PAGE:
Arborcrest 5 is owned by Spear Street Capital of San Francisco, CA and is leased by Jones Lang LaSalle. The project team includes contractor IMC Construction; architect Erdy McHenry; interior designer D2 Interiors; civil engineer Bohler Engineering; structural engineer Environetics Design; MEP engineer Kupper Engineering; and owner’s representative Trammell Crow.
IMC Construction is proud to announce the promotion of Robert Liberato to Partner.
Recently named to ENR MidAtlantic’s “Top Young Professionals,” Liberato has been with IMC Construction for 12 years. As a Senior Project Manager and a leader of Technology Innovation at IMC, Liberato has established a project implementation technical platform unparalleled in the industry during his tenure. A native Philadelphian, he has worked in project management since he was a sophomore at Villanova, where he earned a BS in Civil Engineering.
“He works hard, leads by example and gets the best from his team by adhering to a high standard himself,” said IMC President Rob Cottone. “He makes sure that our technology for estimating and procurement is state-of-the-art. His tenacity, resourcefulness and leadership have played a significant part in the company’s great success.”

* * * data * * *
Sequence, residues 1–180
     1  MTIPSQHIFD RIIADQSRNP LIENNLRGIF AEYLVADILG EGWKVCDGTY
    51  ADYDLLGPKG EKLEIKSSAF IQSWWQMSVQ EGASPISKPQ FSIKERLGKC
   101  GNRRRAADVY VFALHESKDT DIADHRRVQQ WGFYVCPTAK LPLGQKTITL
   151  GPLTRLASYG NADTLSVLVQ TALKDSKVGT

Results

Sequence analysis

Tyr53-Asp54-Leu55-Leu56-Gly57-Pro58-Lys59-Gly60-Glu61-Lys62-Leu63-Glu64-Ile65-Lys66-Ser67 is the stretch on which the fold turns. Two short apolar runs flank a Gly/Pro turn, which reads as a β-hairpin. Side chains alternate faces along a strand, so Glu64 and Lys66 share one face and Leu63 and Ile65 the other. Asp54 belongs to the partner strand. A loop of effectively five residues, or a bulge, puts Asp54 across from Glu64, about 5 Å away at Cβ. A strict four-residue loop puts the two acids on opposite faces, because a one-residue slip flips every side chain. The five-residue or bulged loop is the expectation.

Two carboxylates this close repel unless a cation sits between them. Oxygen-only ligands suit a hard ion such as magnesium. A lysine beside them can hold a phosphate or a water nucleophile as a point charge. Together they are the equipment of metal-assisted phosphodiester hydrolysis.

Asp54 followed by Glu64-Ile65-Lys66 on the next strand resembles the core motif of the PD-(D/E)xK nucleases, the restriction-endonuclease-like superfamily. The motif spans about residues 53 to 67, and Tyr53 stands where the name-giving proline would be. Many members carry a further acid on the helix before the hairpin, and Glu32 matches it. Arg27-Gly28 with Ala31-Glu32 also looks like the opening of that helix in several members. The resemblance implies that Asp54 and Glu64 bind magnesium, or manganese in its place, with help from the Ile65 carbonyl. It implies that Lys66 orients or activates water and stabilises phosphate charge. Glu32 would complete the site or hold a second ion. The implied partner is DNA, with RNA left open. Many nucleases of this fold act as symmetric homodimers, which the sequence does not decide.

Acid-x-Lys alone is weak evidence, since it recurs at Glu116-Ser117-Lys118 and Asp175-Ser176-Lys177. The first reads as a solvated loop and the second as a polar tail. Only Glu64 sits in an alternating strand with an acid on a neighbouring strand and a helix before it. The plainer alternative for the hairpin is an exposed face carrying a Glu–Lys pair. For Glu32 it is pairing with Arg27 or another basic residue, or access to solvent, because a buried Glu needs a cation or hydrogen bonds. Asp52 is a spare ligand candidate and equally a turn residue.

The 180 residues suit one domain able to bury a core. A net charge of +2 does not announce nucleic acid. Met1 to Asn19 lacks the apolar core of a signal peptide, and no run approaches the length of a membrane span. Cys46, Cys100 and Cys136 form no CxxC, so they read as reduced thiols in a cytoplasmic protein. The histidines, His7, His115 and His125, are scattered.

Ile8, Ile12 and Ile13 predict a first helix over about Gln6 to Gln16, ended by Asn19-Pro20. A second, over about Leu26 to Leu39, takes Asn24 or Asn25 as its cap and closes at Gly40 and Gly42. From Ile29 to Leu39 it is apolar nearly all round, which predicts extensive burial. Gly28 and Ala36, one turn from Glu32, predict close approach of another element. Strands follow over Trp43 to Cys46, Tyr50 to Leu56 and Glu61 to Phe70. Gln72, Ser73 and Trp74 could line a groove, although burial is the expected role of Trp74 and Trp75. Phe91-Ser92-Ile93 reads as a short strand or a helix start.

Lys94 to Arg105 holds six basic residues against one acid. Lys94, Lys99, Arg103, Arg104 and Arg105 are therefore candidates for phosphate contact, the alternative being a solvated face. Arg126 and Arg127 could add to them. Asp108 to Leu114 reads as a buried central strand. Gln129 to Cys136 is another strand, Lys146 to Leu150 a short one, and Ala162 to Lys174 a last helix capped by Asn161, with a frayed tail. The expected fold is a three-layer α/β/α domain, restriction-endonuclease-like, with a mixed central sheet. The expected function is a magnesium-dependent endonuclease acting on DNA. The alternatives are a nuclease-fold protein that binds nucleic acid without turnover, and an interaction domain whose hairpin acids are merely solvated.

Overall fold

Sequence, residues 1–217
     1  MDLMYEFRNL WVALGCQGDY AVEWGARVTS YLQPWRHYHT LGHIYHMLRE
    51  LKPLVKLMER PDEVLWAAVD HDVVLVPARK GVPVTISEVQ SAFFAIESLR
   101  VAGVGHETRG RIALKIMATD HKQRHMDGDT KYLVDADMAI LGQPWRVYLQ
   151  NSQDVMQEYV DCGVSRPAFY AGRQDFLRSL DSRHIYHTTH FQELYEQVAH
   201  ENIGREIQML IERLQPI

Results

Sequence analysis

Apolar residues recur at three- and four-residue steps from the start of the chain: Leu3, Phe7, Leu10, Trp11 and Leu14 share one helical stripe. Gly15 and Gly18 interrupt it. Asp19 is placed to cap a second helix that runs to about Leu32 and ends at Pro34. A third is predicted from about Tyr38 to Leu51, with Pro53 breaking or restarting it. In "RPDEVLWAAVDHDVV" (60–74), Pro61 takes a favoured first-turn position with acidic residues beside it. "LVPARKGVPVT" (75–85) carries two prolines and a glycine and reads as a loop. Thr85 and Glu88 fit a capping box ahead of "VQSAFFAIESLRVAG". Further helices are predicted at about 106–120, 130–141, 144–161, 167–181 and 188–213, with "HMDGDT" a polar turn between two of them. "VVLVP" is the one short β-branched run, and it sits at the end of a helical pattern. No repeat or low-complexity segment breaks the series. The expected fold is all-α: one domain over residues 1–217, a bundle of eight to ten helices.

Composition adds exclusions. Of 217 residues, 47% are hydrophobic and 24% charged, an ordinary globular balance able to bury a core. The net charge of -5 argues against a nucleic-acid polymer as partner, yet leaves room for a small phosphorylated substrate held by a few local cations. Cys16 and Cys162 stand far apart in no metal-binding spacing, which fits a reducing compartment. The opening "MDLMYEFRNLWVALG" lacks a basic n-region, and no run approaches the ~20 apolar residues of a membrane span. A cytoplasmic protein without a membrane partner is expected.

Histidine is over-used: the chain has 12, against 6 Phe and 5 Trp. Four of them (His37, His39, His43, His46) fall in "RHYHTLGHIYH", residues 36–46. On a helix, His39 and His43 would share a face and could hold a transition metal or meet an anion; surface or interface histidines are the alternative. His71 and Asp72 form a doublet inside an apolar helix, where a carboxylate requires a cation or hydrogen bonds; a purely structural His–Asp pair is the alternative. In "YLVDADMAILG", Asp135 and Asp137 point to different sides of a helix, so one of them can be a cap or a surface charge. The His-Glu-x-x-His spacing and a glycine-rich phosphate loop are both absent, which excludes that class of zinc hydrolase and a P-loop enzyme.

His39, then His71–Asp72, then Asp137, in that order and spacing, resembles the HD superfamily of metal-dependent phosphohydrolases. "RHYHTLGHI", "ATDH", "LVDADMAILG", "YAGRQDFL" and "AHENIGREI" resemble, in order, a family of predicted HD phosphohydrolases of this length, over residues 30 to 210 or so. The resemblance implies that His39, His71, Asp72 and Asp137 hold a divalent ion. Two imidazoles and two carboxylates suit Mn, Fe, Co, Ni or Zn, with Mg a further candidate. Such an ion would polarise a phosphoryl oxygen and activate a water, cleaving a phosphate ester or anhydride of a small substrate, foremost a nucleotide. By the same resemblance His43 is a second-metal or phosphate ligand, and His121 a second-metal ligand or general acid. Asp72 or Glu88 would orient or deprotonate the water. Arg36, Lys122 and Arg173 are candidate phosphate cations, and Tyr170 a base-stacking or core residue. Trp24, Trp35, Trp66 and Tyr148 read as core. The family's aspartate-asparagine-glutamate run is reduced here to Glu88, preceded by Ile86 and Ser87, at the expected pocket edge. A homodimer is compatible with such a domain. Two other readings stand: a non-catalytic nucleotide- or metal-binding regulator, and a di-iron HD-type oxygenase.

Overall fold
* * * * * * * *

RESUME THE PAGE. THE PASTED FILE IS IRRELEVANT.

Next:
Liberato’s primary responsibility has been with some of IMC’s most complex projects. The King of Prussia Mall is now the largest retail mall in the US due to a $150 million expansion project that he managed. This project was followed by a $150 million research and development project for Chemours located at the University of Delaware’s Science Technology and Advanced Research Campus in Newark, Delaware. The 312,000-square-foot Discovery Hub will consolidate laboratories and offices for approximately 330 scientists, engineers and researchers. Chemours is an industry leader and will be connected with the University of Delaware, one of the foremost bio-engineering schools in the country.
IMC Construction has again been named a Top Workplace in the region by the Philadelphia Media Network. Based on employee responses to an anonymous 3rd-party survey, Top Workplace has been awarded to IMC in five previous years.
“This recognition means so much to me,” said Robert Cottone, President /CEO of IMC Construction. “Because if our employees enjoy their work and feel invested in the company, they will do the best job possible for our clients.”
IMC staff celebrated the Top Workplaces honor (with whimsy) at the 2018 Top Workplaces Awards Dinner at the Crystal Tea Room on March 15, 2018.
IMC Construction is pleased to announce that Matt Frazier has joined the firm as Project Executive.
Formerly Chief Operating Officer at HOW General Contracting, Frazier has 16 years’ experience with large construction projects in Texas, Virginia, Florida, the Caribbean, and recently worked with the development team on Philadelphia’s new Comcast tower.
He holds a BS in Construction Management from Pittsburg State University in Pittsburg, Kansas. As Project Executive in the Production Group, Frazier will be responsible for supporting corporate organizational development in addition to preconstruction of several projects. He lives in Bala Cynwyd and is in training for the Boston Marathon this April.